According to Jack White, he and his wife Helen weren’t actively pursing a project, but were always on the lookout for the right truck. “We figured there was probably a Ford or a Chevy out there that would be just right.” They were passing through Lakeview, Oregon, on their way from Santa Rosa, California, to Boise, when they spotted this ’37 Dodge parked in the town’s one used car lot. It wasn’t on display, but sitting back by the service bay. After a few questions, Jack determined that the truck belonged to the shop owner at the dealership, who had owned it since high school. It had seen time as a parts truck before the start of an unfinished rebuild. The mods that had been made to the truck at the time included a Camaro front clip, a 350/350 engine/transmission combination, and some red paint described by Jack as “shabby.” Technically, it wasn’t for sale, but in reality, everything at a used car lot is for sale. Before long, the Whites (who hadn’t planned on buying) and the owner (who hadn’t planned on selling) struck a deal—and the Dodge was on a trailer heading for California.
When Jack and Helen were ready to start the rebuild they contacted Zane Cullen at Cotati Speed Shop. Cotati is not only one of the prominent rod shops in the country, it is located in Santa Rosa, not far from the Whites.
The Smeding Performance 383 small-block was dressed up with a Billet Specialties air clean
The first step of the project was to redo the suspension. The plan to rebuild the ’rails quickly expanded into a new Art Morrison chassis featuring a 2x4x6 frame reinforced by tubular X-members. Cotati Speed Shop fabricated custom mounts for the cab, bed, and running boards. The suspension includes a sway bar in front and Art Morrison parallel four-link and Panhard bar in the rear. Strange single adjustable coilovers all around. Wilwood Dynalite 12-inch disc brakes in front and Ford 11-inch “police special” drums in the rear, using a GM Corvette-style master cylinder and Wilwood proportioning valve. A stainless gas tank from Rick’s Tanks in El Paso was built-to-fit for the new frame.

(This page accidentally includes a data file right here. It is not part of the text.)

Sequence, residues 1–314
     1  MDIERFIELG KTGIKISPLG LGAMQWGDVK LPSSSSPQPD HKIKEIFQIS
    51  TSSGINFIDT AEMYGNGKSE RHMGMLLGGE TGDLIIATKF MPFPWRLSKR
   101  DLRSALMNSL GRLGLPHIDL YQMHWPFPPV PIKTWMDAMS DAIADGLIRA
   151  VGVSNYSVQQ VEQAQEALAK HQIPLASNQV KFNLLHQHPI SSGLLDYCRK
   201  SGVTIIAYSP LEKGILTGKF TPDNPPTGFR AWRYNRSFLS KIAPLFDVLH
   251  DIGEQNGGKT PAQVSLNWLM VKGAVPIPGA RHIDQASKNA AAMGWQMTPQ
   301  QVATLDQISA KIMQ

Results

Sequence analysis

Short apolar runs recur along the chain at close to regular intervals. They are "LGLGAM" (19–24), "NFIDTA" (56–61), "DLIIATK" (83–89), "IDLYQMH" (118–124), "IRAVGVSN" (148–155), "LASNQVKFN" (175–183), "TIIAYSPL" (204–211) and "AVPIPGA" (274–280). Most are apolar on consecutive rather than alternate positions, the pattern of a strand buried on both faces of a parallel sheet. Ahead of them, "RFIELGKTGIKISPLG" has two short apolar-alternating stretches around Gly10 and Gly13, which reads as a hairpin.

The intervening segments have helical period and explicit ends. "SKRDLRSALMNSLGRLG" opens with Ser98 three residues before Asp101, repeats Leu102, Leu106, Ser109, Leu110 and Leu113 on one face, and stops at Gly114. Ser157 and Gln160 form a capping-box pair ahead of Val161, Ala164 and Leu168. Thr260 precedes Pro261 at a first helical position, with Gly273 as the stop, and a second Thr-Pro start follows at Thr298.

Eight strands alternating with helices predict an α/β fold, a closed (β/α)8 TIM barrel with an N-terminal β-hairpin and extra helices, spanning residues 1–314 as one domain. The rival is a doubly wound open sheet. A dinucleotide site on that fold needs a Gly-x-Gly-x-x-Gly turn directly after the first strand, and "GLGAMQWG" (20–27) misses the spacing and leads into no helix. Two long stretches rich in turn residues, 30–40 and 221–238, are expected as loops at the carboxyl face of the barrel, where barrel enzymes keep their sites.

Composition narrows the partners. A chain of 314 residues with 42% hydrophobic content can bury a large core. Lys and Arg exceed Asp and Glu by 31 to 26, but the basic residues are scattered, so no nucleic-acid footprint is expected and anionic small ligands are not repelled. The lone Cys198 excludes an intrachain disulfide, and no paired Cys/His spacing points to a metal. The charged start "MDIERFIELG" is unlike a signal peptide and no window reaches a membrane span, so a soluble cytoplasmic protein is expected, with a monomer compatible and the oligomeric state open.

This Dodge gets its power from a Chevy, but it’s no generic small-block. Smeding Performance built the 383 with Edelbrock aluminum heads, hypereutectic 8.9:1 pistons, and a custom ground hydraulic roller cam. The induction combo includes a Holley 650 four-barrel on an Edelbrock manifold. Billet Specialties provided the valve covers, air cleaner, and Tru-Trac drive assembly. Sanderson headers run into Flowmaster U-fit pipes and mufflers.
Transmission is a Gearstar 700-R4 with a B&M Tork Master 2000. Brad Saunders at Drive-Line Service in Santa Rosa built the driveshaft, spinning 3.50 gears in a limited-slip Ford 9-inch.
Zane Cullen’s approach to exterior modifications was “understated,” as Jack put it. The beautiful deco lines of the ’36-’38 Dodges don’t need much help, so most of the the sheetmetal mods were limited to tightening up the gaps and cleaning up the surfaces. The ram ornament and crank hole were removed from the reshaped grille, and the stock hood was replaced with a custom three-piece version built by Jack Hashman Jr. The factory louver sections were added on the hood sides. King Bee style headlights were relocated on the fenders; the taillights were replaced with ’41-’48 Chevy taillights. Both bumpers were eliminated. Swan neck mirrors on both sides fit perfectly with the curving lines of the body.
Those sweeping fenders were wasted sitting high up over stock skinny tires. They look a whole lot better filled with a stouter tire and wheel combo, in this case 215- and 205-series Toyos Proxes 4 high-performance tires on 17x7 and 16x7 Budnik X Series Sweeper rims.
Jack and Helen spent a lot of time trying to find the right color. The one they chose was Crystal Red, a contemporary Cadillac color. Cotati Speed Shop used DuPont Performance Coatings to mix a custom tone called Claret Red, which was a mid-’90s Dodge truck color.